State backs homeowners on tax, escrow changes

Md. officials, Realtors say lenders must shift to biannual payments

Time short for '99 refund

Real estate

April 22, 1999|By Robert Nusgart | Robert Nusgart,SUN STAFF

As homeowners find lenders balking at requests to change the way property taxes are paid -- and to refund excess escrow funds -- state officials and Realtors yesterday said consumers have the law on their side.

The General Assembly passed legislation that changes the method of paying property taxes from annually to semiannually, beginning July 1, 2000. In addition to lowering closing costs, the legislation has the side benefit of giving those with escrow accounts a one-time refund that would average $700 per homeowner, according to the Maryland Department of Taxation and Assessment.

Homeowners, under current law, can quicken the process and get the refund this year if they notify their mortgage lender or servicer in writing by May 1 that they want to change to semiannual payments -- an option permitted by Maryland law since 1995.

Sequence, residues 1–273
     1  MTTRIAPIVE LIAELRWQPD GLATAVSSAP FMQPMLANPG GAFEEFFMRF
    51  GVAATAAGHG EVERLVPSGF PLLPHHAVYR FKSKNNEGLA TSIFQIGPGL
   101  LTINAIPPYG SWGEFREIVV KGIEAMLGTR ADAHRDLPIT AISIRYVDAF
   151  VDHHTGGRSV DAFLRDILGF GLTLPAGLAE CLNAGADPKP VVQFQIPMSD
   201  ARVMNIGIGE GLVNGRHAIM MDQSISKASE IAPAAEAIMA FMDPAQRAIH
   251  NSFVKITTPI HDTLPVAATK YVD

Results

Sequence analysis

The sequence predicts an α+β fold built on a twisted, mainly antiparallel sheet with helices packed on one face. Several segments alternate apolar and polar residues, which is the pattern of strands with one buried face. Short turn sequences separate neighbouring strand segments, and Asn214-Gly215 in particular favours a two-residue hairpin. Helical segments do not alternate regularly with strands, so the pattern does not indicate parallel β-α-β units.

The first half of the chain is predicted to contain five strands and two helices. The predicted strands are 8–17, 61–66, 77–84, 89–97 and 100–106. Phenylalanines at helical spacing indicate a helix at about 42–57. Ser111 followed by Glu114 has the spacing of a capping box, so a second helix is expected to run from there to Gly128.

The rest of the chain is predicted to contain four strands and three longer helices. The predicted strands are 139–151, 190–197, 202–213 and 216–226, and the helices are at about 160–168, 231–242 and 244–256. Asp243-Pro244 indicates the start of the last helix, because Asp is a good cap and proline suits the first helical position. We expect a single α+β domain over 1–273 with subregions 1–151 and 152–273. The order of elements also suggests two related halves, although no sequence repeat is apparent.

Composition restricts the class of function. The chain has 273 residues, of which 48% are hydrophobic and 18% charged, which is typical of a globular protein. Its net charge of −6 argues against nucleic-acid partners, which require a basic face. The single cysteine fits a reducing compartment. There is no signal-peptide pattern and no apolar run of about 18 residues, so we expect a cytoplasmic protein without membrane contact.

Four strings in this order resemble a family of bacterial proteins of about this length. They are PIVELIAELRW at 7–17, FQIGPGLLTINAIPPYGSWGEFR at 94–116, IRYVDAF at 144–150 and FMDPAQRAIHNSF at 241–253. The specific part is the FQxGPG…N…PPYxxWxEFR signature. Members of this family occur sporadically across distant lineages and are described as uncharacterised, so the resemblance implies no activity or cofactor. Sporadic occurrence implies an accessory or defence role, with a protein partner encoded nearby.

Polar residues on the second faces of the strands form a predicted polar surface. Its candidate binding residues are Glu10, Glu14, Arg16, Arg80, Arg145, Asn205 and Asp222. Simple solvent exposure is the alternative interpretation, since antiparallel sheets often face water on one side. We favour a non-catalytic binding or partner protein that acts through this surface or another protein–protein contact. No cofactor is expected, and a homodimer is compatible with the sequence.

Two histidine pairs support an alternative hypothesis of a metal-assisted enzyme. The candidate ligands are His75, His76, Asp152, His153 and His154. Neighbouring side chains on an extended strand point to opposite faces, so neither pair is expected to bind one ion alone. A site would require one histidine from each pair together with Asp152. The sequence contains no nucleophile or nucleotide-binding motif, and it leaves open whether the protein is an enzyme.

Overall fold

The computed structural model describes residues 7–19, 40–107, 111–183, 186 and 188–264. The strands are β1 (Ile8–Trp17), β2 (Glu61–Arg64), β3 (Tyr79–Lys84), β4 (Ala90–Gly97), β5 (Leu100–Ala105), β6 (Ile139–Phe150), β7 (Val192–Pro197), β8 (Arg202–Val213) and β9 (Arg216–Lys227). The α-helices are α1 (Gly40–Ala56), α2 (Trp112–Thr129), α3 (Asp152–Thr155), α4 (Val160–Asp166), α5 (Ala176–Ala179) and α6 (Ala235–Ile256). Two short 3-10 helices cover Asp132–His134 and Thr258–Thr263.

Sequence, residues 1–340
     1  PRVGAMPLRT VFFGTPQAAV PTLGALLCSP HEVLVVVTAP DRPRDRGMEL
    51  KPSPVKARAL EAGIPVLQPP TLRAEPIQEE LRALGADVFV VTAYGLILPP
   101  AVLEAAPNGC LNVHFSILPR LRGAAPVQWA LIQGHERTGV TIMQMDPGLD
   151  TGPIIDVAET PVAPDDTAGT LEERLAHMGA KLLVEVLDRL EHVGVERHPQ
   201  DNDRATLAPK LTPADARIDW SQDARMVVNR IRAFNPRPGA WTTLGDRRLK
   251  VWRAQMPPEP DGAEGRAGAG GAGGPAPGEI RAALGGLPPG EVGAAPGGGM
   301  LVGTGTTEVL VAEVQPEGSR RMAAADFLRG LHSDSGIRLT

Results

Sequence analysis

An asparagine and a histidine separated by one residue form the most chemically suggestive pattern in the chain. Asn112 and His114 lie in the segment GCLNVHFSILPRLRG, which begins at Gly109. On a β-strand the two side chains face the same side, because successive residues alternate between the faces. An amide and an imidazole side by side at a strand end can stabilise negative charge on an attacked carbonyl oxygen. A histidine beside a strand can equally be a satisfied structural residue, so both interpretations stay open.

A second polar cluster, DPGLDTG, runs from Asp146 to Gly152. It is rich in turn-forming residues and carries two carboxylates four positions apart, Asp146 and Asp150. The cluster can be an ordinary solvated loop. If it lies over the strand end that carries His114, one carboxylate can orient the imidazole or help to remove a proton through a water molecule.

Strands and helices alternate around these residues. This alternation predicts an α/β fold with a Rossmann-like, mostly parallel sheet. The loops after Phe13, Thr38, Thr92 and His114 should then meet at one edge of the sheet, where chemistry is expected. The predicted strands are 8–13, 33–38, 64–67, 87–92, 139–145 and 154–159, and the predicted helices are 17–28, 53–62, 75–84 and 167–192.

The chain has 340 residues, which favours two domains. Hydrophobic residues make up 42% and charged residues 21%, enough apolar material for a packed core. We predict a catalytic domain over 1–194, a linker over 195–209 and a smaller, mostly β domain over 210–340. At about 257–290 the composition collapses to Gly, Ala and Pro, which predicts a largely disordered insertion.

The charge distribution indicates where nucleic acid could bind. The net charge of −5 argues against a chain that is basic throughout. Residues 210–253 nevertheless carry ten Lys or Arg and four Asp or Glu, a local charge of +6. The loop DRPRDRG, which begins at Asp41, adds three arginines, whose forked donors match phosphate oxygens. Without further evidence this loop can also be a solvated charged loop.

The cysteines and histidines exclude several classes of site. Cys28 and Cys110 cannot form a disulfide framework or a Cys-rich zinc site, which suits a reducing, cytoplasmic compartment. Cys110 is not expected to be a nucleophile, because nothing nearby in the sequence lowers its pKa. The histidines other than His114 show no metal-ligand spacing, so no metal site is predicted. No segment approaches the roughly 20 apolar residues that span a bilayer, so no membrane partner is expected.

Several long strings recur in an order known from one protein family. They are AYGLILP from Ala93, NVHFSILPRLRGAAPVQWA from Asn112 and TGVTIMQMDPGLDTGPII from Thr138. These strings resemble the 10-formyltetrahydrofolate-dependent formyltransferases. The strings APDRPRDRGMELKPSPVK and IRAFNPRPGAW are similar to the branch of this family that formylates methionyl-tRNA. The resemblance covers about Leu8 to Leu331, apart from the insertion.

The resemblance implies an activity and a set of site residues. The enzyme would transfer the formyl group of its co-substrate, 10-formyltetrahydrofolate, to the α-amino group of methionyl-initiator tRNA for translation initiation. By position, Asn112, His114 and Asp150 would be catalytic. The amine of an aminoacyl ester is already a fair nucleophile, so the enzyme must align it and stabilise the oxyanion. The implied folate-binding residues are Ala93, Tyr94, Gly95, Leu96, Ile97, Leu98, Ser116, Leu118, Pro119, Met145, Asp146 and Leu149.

But some lenders are telling homeowners that they cannot change or that only the taxing jurisdiction can authorize a change.

"Clearly, they [mortgage servicers] have not been informed and perhaps have not been following current Maryland law. But we will consider it our responsibility to make them aware and to [make them] comply with the changes as well as the current law," said Mary Louise Preis, commissioner of financial regulation, the state agency that oversees lenders.

"Write a letter, sign it and say you want it changed by May 1," Preis said. "Don't let any stonewalling deter you from the deadline. Meet that deadline. The deadline is in the statute."

According to Joseph T. Landers III, executive vice president of the Greater Baltimore Board of Realtors, recalcitrant lenders need to be educated.

"We've been telling people to send your request in writing. Don't pay any attention to what the lender is saying, because under state law this is your option, not their election," said Landers, who added that the request must be made 60 days prior to when taxes are first due, which is July 1.

Landers said the law specifically states that any request is between the borrower and the mortgage servicer, not the taxing body.

Preis said that if consumers receive a "negative response" from their servicer or lender, to forward their request and the response to the commission at 500 N. Calvert St., Room 402, Baltimore 21202.

Pub Date: 4/22/99

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